Like any true-blue book-lover, Mr. M collected books to an untenable degree, but unlike most book-lovers he took his passion a notch higher and brought it to an altruistic conclusion. By ‘recycling’ his amassed wealth he is, in a way, spreading his love of books.  But his method of doing this is very subtle. You’ll not find any board outside his house (“because I do not want to disturb my neighbours”) nor any advertisements or promotions to announce his presence. For nearly 15 years, he has sustained his business through word-of-mouth publicity or as he puts it, “through good wishes of friends and acquaintances like the Professor”. At once he pleads that we buy books from him in future, and in the same breath insists that we do not spread the word indiscriminately as he doesn’t wish to handle regular customer traffic. Our surmise is that it is a ploy to sieve in genuine book lovers.  Mr. M admits that it has been an avenue for income post-retirement, but it is evident that he is not in it for profit. His old-world values disallow him from making financial gains from what is a labour of love. He covers the books with dust-proof jackets, meticulously, all by himself. “This space itself was a gift from Swami Raghvendra (saint-philosopher, much revered in Karnataka and Andhra). When I had no money to buy a house, a Good Samaritan offered me this at an affordable rate. Recently, I was offered 2 crores of rupees for this house. But I will never part with it. This house is 130 years old,” he gets voluble.

I come away with my “Inside Africa”, a gift from the Professor, and a compendium on Indian Climbers and Shrubs, a 1954 BNHS edition, for a meagre sum, among others.  I part ways with Mr. M assured in the thought that some of my books now have a refuge too if and when I seek to declutter my home library.  And that they will fall into deserving hands.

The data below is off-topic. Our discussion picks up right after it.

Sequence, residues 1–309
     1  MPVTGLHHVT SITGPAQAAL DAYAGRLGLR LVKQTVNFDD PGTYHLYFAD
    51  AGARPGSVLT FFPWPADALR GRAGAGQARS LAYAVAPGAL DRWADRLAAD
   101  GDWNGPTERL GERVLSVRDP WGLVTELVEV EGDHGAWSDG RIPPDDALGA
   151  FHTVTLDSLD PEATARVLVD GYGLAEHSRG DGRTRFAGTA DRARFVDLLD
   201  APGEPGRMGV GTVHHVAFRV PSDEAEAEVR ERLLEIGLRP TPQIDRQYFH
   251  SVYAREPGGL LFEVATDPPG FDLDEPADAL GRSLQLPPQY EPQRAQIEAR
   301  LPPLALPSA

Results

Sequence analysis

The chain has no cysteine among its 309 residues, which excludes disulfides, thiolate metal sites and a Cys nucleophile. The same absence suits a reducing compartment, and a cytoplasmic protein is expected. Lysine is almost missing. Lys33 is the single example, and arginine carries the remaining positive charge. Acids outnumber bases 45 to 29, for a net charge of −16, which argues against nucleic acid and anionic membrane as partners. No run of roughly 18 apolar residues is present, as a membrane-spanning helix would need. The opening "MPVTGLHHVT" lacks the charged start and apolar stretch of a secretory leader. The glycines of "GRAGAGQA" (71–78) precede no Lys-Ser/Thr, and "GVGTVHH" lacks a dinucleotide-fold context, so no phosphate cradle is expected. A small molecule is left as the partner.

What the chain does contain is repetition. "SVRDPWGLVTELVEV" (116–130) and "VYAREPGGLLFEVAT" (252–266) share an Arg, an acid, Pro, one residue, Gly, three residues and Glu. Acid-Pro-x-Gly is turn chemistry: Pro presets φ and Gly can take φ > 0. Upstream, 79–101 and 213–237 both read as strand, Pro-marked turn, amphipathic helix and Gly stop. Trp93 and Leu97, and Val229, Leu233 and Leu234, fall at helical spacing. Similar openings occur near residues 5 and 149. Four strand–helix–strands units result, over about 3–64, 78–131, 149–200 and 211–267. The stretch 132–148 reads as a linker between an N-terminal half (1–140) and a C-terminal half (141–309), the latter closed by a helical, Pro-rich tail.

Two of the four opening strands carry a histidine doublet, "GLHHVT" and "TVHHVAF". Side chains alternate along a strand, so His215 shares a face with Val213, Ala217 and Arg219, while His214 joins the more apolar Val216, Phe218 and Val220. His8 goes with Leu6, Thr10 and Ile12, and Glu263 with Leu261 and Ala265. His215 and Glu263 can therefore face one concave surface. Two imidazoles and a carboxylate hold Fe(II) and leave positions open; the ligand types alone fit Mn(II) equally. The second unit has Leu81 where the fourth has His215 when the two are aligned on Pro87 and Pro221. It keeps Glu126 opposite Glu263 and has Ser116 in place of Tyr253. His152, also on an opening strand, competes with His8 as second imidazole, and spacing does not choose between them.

We take leave of Mr. M and as we are sauntering around in the neighbourhood, another old house, patina of peeling wall-paint and all, catches my attention.  Bimba Art Hut has a magnetic pull on me and I am drawn into its courtyard and modest rooms as though in a temple sanctum sanctorum. The frayed fa├žade is embellished by terracotta murals on the walls and the window bears a trellis shaped to a peacock with its train. The stone floor and solid wood doors lend an antiquarian and rustic charm to the boutique which showcases assorted works of art. The hut, itself, is one big exhibit. Terracotta lanterns and even jewellery, textiles, votive, coffee tables, lacquer-ware accessories, and bric-a-brac are artfully window dressed throughout. I learn that this “art ashram” is the inspiration of founder-artist Deepa Dorai. She is not at home but the evening’s experience has been so satiating that we seek to further satiate ourselves – our hunger cravings, this time - in a salutary gesture.

The Professor leads us to the legendary Vidyarthi Bhavan, a roadside eatery, nondescript like the bookshop, but with a humungous reputation. Established pre-independence – in 1943 – it is a wonder that this place, famous for its masala dosa, even exists today in the face of fashion food fads. Even at 7 in the evening the ‘tiffin room” is packed and our wait only helps in whetting our appetite. When the 6-inch dosa finally arrives it is piping hot and utterly buttery divine. The filter coffee helps round up the mini meal. In the company of great Kannada litterateurs and artistes peering over us out of amateur sketches on the wall, we skim the Kannada cultural scene and dissect Bangalore city – then and now, with the Professor. For less than Rs. 500, we have had a priceless experience untouched by the mall culture.

As we finally step out of the portals of past and present, we land smack into the flower market. A whiff of mallige (jasmine) assails our senses. The intoxicating scent mingles gently with that of incense. Somewhere, a temple bell rings, or maybe I am imagining it.